Industrial Revolution began in 17th not 18th century, say academics

<span>The industrial era may long predate the early steam locomotives now found in places such as the Beamish Museum, County Durham.</span><span>Photograph: Vivienne Crow/Alamy</span>
The industrial era may long predate the early steam locomotives now found in places such as the Beamish Museum, County Durham.Photograph: Vivienne Crow/Alamy

The Industrial Revolution started more than 100 years earlier than previously thought, new research suggests, with Britons already shifting from agricultural work to manufacturing in the 1600s.

Seventeenth century Britain can be understood as the start of the Industrial Revolution, laying down the foundations for a shift from an agricultural and crafts-based society to a manufacturing-dominated economy, in which networks of home-based artisans worked with merchants, functioning similarly to factories.

The period saw a steep decline in agricultural peasantry and a surge in people who manufactured goods, such as local artisans like blacksmiths, shoemakers and wheelwrights, alongside a burgeoning network of home-based weavers producing cloth for wholesale, according to University of Cambridge research.

Textbooks typically mark the Industrial Revolution as beginning around 1760, when mills and steam engines proliferated and technologies such as the spinning jenny were created, yet according to the most detailed occupational history of a nation ever created – built from more than 160m records and spanning over three centuries – the UK was emerging as the world’s first industrial powerhouse during the reign of the Stuarts.

Related: Industrial Revolution iron method ‘was taken from Jamaica by Briton’

The University of Cambridge’s Economies Past website uses census data, parish registers, probate records and more to track changes to the British labour force from the Elizabethan era to the eve of the first world war.

Prof Leigh Shaw-Taylor, the economic historian who led the project, said: “A hundred years has been spent studying the Industrial Revolution based on a misconception of what it entailed.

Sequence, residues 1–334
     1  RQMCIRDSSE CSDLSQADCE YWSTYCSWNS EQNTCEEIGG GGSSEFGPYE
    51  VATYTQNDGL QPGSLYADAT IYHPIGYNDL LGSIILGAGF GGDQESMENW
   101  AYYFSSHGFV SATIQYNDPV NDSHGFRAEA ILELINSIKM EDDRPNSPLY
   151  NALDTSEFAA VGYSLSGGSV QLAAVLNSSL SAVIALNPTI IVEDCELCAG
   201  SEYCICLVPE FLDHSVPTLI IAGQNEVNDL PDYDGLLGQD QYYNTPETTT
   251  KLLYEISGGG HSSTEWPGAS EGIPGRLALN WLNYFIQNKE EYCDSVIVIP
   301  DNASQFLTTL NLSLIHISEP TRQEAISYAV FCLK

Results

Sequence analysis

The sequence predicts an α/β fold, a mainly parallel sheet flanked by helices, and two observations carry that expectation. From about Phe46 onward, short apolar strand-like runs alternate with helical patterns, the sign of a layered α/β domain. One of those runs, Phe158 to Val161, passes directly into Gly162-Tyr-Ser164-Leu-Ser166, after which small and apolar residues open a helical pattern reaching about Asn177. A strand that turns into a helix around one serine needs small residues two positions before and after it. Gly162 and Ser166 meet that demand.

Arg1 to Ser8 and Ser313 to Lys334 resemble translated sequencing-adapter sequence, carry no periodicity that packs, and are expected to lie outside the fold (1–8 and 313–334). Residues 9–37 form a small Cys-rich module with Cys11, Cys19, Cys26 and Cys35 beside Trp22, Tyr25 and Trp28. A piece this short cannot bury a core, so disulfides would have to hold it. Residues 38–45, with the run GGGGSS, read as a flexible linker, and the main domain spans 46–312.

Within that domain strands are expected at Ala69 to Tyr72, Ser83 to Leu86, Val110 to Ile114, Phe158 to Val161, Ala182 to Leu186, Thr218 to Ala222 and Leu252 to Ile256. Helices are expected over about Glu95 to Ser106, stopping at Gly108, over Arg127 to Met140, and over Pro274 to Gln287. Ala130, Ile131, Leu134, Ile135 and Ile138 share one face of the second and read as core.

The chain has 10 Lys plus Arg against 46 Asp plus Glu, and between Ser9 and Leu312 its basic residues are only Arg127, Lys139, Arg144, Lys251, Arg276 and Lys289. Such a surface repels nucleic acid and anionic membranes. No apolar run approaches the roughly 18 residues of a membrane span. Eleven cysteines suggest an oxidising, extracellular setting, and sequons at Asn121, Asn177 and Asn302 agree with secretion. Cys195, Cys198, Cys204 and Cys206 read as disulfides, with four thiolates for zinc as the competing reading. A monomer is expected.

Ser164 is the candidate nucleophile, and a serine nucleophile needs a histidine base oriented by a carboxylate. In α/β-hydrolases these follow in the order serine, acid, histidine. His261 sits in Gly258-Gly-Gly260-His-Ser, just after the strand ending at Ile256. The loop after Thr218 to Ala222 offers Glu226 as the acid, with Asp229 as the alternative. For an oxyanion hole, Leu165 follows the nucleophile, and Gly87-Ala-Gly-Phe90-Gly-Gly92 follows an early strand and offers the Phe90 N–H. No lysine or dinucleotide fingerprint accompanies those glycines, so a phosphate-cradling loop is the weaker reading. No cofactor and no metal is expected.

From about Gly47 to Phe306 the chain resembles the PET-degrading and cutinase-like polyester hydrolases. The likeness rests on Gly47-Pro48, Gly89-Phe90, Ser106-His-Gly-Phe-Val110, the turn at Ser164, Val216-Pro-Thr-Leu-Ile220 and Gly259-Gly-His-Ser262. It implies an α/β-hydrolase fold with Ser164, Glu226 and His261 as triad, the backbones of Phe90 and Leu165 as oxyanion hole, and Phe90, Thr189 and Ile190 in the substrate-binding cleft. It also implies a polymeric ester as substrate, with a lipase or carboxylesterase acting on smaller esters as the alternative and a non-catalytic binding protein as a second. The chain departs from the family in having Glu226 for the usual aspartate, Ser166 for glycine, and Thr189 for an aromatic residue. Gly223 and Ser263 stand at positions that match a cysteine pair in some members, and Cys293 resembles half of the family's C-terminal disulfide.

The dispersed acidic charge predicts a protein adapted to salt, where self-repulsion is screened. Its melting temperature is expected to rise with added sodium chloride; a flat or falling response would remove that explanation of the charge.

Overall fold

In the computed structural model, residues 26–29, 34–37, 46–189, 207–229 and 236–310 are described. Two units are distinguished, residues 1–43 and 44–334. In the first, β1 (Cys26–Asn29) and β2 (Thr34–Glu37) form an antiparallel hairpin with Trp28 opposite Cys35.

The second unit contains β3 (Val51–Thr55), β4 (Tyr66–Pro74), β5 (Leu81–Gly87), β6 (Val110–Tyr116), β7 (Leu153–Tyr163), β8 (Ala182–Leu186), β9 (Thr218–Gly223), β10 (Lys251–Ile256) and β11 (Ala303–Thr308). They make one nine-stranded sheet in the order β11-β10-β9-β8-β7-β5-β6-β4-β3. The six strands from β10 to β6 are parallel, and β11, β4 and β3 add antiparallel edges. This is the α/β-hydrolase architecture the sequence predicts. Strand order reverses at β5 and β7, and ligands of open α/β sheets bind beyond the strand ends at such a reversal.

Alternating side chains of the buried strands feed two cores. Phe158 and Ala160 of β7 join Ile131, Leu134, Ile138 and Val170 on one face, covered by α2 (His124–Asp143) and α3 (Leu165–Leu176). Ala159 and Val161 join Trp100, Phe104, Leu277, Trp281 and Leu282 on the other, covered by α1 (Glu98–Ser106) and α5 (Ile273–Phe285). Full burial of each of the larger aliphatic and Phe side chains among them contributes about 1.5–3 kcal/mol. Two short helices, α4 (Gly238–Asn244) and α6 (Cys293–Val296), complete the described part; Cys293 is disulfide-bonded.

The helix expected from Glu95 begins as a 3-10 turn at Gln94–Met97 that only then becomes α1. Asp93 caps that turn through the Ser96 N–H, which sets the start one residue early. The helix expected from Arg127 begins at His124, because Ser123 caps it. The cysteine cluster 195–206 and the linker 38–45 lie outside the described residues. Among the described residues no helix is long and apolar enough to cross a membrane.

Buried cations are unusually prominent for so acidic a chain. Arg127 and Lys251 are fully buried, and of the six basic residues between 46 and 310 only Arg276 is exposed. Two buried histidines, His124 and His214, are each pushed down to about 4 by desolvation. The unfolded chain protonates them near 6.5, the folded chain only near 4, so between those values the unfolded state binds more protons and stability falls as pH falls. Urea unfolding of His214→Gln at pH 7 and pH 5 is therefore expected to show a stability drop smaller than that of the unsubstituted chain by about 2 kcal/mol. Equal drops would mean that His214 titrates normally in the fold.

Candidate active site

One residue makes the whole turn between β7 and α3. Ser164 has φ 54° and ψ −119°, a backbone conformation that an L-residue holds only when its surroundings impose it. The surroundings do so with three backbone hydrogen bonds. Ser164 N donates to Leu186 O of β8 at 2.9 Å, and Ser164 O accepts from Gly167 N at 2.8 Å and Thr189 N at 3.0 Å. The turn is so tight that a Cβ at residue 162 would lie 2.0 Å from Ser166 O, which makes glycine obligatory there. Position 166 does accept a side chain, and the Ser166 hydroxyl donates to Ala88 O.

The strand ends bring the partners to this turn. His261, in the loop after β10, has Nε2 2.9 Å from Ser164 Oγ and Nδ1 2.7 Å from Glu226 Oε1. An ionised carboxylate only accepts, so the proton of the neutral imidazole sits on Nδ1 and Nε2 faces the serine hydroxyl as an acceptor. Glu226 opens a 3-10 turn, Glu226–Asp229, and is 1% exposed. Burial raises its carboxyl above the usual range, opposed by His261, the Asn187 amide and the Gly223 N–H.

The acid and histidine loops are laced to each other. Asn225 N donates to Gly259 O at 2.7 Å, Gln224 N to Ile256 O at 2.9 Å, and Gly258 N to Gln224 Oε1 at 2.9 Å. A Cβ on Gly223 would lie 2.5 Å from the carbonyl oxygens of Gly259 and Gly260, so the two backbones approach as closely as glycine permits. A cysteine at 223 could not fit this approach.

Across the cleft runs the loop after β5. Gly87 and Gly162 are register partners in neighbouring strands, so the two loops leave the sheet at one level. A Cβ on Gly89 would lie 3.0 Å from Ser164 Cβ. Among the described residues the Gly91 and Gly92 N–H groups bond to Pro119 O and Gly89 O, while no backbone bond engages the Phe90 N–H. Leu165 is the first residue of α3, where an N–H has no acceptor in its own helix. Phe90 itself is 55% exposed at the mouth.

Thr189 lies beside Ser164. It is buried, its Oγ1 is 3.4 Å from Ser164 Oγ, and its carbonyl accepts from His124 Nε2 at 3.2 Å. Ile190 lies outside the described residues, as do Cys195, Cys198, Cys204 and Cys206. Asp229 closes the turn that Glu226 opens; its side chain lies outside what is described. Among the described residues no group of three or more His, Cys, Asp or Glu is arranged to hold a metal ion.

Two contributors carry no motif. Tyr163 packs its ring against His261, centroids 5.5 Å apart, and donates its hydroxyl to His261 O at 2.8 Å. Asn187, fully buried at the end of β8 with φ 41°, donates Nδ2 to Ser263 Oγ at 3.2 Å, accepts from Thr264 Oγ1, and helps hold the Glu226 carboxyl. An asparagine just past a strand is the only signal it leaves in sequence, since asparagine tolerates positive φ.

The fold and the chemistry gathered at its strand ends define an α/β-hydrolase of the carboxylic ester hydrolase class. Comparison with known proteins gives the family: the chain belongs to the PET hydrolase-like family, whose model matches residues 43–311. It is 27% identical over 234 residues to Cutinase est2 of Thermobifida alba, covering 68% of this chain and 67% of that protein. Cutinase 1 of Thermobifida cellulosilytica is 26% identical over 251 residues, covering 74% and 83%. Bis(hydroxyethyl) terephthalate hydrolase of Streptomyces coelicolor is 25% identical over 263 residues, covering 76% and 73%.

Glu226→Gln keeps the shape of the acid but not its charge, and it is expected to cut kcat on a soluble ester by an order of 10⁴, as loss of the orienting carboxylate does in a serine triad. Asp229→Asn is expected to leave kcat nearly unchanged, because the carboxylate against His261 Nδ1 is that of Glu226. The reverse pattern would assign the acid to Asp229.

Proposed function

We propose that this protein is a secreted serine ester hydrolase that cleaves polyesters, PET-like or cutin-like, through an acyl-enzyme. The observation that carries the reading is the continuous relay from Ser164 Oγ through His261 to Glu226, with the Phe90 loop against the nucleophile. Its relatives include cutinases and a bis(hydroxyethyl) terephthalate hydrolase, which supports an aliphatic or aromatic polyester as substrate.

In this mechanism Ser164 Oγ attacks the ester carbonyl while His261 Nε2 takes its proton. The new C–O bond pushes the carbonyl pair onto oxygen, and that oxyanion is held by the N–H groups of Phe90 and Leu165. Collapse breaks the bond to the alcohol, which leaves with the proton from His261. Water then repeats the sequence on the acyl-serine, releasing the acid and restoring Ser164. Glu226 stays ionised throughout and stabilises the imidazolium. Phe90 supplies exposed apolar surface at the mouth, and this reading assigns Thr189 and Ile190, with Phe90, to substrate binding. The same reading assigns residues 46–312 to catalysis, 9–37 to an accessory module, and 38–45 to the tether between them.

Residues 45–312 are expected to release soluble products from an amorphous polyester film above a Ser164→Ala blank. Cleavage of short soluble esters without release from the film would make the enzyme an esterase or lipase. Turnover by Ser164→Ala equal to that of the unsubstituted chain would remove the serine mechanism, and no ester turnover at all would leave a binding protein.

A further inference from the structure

“By cataloguing and mapping centuries of employment data, we can see that the story we tell ourselves about the history of Britain needs to be rewritten.

“We have discovered a shift towards employment in the making of goods that suggests Britain was already industrialising over a century before the Industrial Revolution.”

In fact, by the early 1800s, when William Blake was writing of “dark satanic mills”, many parts of Britain were even deindustrialising as manufacturing declined in favour of coal mining, the researchers discovered.

In the 19th century the service sector almost doubled in size – a boom often thought to have begun closer to the 1950s – which spurred growth that has continued for nearly 300 years. These included sales clerks, domestic staff, professionals such as lawyers and teachers, as well as a huge increase in transport workers on the canals and railways.

“The question of why the industrial age dawned in Britain is a much-debated one, with coal, technology and empire all major factors,” said Shaw-Taylor.

“Our database shows that a groundswell of enterprise and productivity transformed the economy in the 17th century, laying the foundations for the world’s first industrial economy. Britain was already a nation of makers by the year 1700.”

The website sheds light on changes in the workforce. It observes that as much of Europe languished in subsistence farming, male agricultural workers in Britain fell by over a third (64% to 42%) from 1600 to 1740. At the same time, from 1600 to 1700, the share of the male labour force involved in goods production rose by 50% to reach 42% of all men.

This means that the share of the British labour force working in manufacturing rather than agriculture was three times that of France by 1700, Shaw-Taylor calculated. “The English economy of the time was more liberal, with fewer tariffs and restrictions, unlike on the continent,” he noted.

Adding pre-19th century data for female workers is a major next step for the project, though the researchers estimate that labour force participation for adult women was between 60% and 80% in 1760, and went back down to 43% by 1851, only returning to mid-18th century levels in the 1980s.

The website also allows users to track rates of child labour after 1851. For example, the booming textile mills of Bradford saw huge numbers of young girls put to work, with over 70% of girls aged 13 and 14 working in 1851. Sixty years later, this figure was still over 60%.

Over 40% of girls in Bradford aged 11-12 were also working in 1851, but this had fallen to nearer 10% by 1911, by which time education had been made compulsory for young children.